From Bob Dylan’s devout plunder of Woody Guthrie’s knapsack to Madonna’s “open borrow” of Marilyn Monroe’s style kit, k.d. lang’s homage to Patsy Cline and Prince’s wholesale absorption of James Brown and Little Richard’s tools of trade, great artists have paid scrupulous attention to their predecessors.
Some of the most successful musicians have had enormous influence over those that came after. Indeed it’s hard to imagine certain artists’ successes even existing without their roads being paved prior: no Eric Clapton without BB King, no Rolling Stones without Muddy Waters, no Eminem without Ice-T.
So how do we morph admiration into inspiration while avoiding unacknowledged theft?
“We all have that small voice that tells us we’re rubbish, and we need to learn when to silence it. Early in the songwriting process, comparisons do nothing but harm: sometimes I put on a David Bowie record and think, ‘Why do I bother?’” -Fyfe Dangerfield
Here are some thoughts on how.
+ Learn songwriting, theory, production, composition, arranging, mixing, and more — whenever you want and wherever you are. Subscribe for unlimited access!
1. Time in the Ring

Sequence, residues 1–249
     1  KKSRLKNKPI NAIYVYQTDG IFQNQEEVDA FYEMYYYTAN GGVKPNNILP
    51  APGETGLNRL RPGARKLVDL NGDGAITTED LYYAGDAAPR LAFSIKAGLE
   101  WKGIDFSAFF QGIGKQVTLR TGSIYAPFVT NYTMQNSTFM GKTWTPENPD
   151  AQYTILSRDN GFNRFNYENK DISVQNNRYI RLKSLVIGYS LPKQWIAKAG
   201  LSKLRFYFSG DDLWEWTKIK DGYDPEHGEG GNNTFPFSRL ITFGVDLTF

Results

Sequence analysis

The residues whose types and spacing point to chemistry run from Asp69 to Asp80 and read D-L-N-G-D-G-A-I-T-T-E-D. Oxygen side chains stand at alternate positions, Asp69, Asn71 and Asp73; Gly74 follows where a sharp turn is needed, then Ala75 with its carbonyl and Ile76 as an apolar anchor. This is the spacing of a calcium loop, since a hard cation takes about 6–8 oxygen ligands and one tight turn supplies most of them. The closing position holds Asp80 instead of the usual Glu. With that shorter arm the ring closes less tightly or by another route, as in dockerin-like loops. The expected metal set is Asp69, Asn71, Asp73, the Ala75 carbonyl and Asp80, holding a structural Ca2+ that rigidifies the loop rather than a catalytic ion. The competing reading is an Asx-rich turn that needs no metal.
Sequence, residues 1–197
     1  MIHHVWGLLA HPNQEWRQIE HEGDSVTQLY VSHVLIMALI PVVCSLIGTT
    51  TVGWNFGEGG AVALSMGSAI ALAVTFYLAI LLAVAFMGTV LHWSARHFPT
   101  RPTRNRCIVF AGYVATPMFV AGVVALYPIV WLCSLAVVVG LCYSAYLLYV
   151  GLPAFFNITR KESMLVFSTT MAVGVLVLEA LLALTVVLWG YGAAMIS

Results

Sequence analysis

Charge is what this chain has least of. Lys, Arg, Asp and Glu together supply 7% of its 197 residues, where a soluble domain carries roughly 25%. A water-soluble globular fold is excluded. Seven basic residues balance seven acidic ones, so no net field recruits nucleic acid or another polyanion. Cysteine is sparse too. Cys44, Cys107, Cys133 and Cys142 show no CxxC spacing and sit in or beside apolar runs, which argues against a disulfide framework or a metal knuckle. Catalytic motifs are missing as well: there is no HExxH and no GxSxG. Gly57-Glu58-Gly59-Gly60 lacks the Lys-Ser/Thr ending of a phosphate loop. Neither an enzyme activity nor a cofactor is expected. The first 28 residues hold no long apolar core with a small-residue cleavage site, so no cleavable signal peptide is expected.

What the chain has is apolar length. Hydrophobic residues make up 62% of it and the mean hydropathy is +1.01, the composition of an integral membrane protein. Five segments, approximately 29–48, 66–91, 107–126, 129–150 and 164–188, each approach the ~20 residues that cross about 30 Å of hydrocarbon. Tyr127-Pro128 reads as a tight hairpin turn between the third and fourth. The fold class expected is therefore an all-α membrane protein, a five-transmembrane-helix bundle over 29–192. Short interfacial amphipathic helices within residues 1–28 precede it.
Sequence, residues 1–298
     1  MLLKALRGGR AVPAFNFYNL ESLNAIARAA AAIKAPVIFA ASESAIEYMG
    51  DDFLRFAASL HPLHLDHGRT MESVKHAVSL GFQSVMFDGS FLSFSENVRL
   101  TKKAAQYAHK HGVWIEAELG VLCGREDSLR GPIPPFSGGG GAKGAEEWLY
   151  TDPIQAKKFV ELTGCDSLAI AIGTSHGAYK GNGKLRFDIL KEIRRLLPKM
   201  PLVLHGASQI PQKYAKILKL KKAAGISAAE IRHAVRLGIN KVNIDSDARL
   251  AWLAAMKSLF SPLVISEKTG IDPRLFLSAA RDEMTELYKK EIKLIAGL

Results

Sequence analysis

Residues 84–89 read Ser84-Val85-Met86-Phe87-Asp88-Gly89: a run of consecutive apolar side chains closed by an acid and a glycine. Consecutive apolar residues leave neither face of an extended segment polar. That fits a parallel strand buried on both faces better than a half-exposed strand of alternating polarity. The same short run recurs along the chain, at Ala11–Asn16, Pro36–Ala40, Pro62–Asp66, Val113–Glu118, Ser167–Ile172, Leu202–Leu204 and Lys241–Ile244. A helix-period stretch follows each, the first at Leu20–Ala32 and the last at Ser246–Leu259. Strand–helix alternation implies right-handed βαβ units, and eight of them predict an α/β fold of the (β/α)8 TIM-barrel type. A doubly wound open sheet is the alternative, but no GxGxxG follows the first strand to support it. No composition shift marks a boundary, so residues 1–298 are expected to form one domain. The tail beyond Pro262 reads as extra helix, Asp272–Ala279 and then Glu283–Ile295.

Start by taking some time to identify your musical influences — both the ones you’ll freely admit to and the subtle, pre-conscious ones. Remember that as a songwriter, the most powerful weapon at your disposal is your particular point of view; how you see the world, your perception of it, and the things that you’ve experienced.
So take time to reverse engineer those early influences and discover how they’ve contributed to your musical ethos. Here’s a few questions that can help you generate your thinking on the matter.
- What is it specifically about the artists or material that you love so much?
- Are there certain references in the songs, great rhymes or structures that ring your bell?
- Do the artists experiment with genre or change direction in their careers?
- Are there certain periods that resonate more or less?
- Were they ahead of the curve and what made them so?
- Who taught them or influenced their early work?
When you have greater clarity about exactly what it is you’re responding to, you can interpret it more effectively and explore specific elements you could incorporate in the development of your own sound that goes far beyond mere mimicry. There is no recipe here, but curiosity and research will sharpen your artistic acumen.